A Beginners Guide to Caving

There are many adventures you can take to make travelling more exciting. You can sample the exotic local cuisine, you can dive to explore a shipwreck, you can climb a mountain, or try activities that will get your heart pumping like skydiving, ziplining, or parasailing. There is another kind of adventure that is often overlooked by tourists, but exciting nevertheless and that is caving or spelunking. There is something thrilling about exploring in dark caverns to see stalactites and stalagmites. But just like other outdoor activities, caving is strenuous and at times perilous, hence you should observe safety measures to make it work. Are you interested to try caving for the first time? Here's a beginner's guide to guarantee a fun and secure exploration into the hallowed grounds.

Choose a Cave for Beginners

There are 4 types of caves: Solution Caves, Talus Caves, Ice Caves and Volcanic or Lava Caves. If you are doing this for the first time, choose Solution Caves, which is the most common type of cave. Its characteristics—wide variety of rock formations, spacious passages—make it fairly easy to navigate. Another clue is to find  caves that are frequented by tourists because they tend to be the ones that are simple to explore. These caves usually take no more than 2 hours to navigate and because they are popular with visitors, guided tours are often available. A good example of this is the Mammoth Cave National Park in Kentucky USA. 

There are caves with unsophisticated tours, like those in Southeast Asia. It doesn't mean though that they are not ideal for the caving novice. The important thing is that you research about the cave before going and the Internet is a rich source of information.  You can also ask the local tourism office so you can make a more informed decision.

Wear Proper Attire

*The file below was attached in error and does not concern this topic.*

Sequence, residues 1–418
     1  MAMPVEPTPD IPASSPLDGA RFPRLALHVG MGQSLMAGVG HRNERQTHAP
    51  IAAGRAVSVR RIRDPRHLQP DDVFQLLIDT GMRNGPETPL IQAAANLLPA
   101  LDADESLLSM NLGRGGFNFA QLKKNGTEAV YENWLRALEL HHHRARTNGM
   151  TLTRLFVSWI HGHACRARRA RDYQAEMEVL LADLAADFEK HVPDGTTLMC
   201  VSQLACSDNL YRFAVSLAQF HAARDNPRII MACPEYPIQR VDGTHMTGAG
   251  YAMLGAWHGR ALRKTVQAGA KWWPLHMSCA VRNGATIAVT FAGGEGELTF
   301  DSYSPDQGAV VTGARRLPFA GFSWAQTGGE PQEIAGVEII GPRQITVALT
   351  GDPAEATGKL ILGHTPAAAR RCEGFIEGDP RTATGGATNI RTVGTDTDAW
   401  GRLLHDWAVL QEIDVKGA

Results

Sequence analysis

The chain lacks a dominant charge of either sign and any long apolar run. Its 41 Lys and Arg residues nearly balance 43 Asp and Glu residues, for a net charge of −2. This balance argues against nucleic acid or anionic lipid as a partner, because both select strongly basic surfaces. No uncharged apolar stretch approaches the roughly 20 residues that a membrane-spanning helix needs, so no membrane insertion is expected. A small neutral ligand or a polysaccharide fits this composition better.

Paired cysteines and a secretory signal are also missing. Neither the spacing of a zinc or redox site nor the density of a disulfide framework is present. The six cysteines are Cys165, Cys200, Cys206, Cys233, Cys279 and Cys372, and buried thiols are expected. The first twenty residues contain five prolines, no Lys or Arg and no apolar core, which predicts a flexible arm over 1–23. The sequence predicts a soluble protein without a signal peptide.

Caving is an outdoor activity that involves a lot of walking, climbing, sometimes even rappelling. Most caves are cool and draughty and oftentimes wet so it's best to wear clothes that provide insulation and/or are water resistant. Normally,  it's advised that you wear pants and long-sleeve shirts, or clothes made for active and wet conditions. Avoid wearing shorts or any type of clothing that exposes too much skin to avoid getting cut or scratched by jagged rocks. For footwear, wear non-slip closed shoes. Keep in mind that caves are usually muddy and rocky so plan your attire accordingly.

Wear a Helmet

Especially if you are going on a tour that provide equipment, protect your head from sharp and solid rocks and the low overhead of passageways by wearing a helmet or a hard hat. If you can get a helmet with a headlamp, all the better. Not only will you be able to protect your head, you will also have your own source of light inside the cave.

Bring a Flashlight

Sometimes you have to go with a group and you'd be lucky if you can get 2 or more guides. Caves are generally dark, so it's wise to bring your own flashlight instead of relying on the guide. You will find that it will be easier and much more enjoyable to explore if you don't have to always wait for someone to light your path.

Carry a First-Aid Kit

Sometimes, accidents happen no matter how careful you are. For safety measures,  bring a first-aid kit, one that is small enough to carry.  

Do not Cave Alone

No matter how adventurous you are, do not try caving alone. You can get lost even in caves that are deemed easy to explore. It is recommended that you go with at least two other people and make sure that one of them is an authorized guide or an experienced caver who knows exactly how to go in and out of that cave.

Know your Physical Limits

It is okay to challenge yourself, but if you think there is a hole you cannot enter, a rock formation that you cannot climb, or any physical activity that you cannot do, then do not force yourself. You want your caving experience to be fun, not life-threatening; make a conscious effort to ensure that you will complete the adventure without an accident or hurting yourself.

Do not touch the stalactites or the stalagmites

There is a standard caving protocol that forbids cavers to touch the stalagmites and stalactites. These formations took centuries to take shape, hence, people who are helping in their preservation are serious about the no-touch policy. Be a responsible caver and abide by the rules.

Lastly, Enjoy the Exploration

Caving can be such an enjoyable experience so take your time, listen to your guide, look around, and appreciate the beauty of nature.

About the Author

Marjorie Gavan is a writer by profession and by passion. She has a degree in B.S. Journalism and now has 15 years of writing and editing experience under her belt. She currently works as a knowledge specialist in an IT company in Quezon City, Philippines. She chronicles her travel adventures in her blog, Coffeehan.

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